Costs, Taxes In Health Bill Need Scrutiny
Crapo, colleagues call for formal review by tax and budget experts
Washington, DC – Idaho Senator Mike Crapo, a member of the Senate Finance Committee, continued his push for transparency and accessibility as the Committee moves toward a final vote on health care reform legislation. Crapo, who has long held that the present draft legislation is too expensive, raises taxes on middle and lower-income families and fails to cut health costs, joined with nine of his Republican colleagues in sending a letter to Finance Committee Chairman Max Baucus (D-Montana), urging him to include the heads of the Congressional Budget Office (CBO) and the Joint Committee on Taxation (JCT) before the Committee prior to any final vote on the legislation.
The letter says, in part:
“Health care reform is a monumental task that will touch the life of every American. Before the Committee votes to report the legislation out of Committee, it is important that all Members have a thorough understanding of the cost of the legislation and how individuals, families and businesses will be affected. In keeping with the President’s request that health care reform be revenue neutral over a ten-year period and reduce the growth of health care spending over the long run, it is important that Members have an opportunity to ask questions about the legislation’s deficit impact within the ten-year budget window and beyond.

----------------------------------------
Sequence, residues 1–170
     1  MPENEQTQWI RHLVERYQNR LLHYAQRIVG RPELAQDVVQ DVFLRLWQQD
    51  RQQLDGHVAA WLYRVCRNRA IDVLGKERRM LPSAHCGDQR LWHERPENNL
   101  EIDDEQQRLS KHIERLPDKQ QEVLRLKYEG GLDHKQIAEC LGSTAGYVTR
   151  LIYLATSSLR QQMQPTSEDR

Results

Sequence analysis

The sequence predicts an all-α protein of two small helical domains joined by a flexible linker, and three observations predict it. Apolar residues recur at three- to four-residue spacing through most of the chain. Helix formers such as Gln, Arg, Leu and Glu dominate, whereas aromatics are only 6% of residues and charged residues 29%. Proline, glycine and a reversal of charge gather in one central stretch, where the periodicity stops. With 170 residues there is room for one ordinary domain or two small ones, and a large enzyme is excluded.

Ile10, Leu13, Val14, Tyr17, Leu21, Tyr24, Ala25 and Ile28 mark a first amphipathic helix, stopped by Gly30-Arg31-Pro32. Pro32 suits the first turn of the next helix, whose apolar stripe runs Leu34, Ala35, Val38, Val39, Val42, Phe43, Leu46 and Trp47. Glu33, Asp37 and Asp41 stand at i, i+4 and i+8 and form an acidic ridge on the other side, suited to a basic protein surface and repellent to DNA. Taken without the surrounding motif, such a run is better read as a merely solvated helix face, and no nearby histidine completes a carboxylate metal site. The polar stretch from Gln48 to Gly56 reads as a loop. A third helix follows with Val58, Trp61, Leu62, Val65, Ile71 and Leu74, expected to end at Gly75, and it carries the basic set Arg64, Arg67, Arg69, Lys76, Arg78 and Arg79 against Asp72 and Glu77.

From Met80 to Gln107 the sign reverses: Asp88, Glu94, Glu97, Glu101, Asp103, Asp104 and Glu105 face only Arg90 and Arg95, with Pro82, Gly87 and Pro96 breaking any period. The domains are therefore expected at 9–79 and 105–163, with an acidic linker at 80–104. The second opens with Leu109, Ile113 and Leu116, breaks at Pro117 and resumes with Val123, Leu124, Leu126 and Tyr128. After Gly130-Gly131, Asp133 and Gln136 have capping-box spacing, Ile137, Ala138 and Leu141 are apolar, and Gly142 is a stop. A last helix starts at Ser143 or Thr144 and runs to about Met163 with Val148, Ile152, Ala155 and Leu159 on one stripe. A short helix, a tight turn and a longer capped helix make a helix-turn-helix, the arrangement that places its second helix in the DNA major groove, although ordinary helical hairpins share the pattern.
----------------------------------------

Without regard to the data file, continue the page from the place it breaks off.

“The American public has understandably become cynical with regards to Congress passing thousand-page bills with price tags in the hundreds of billions of dollars prior to examining the legislative documents. Providing Members the opportunity to ask questions of Director Elmendorf and Mr. Barthold before the committee votes would be in keeping with the tradition of transparency in the Finance Committee. It is also in keeping with your commitment, which we appreciate, that in good faith there will be time to look at the score,” and that we will have the opportunity as a committee to respond to issues raised by CBO and JCT before the vote. Moreover, it would send a signal to the American public that we take our duty seriously to understand how legislation will affect their lives prior to voting on reporting any legislation out of Committee.”
The Finance Committee will hold a final vote on the bill pending the release of the latest CBO scoring estimate.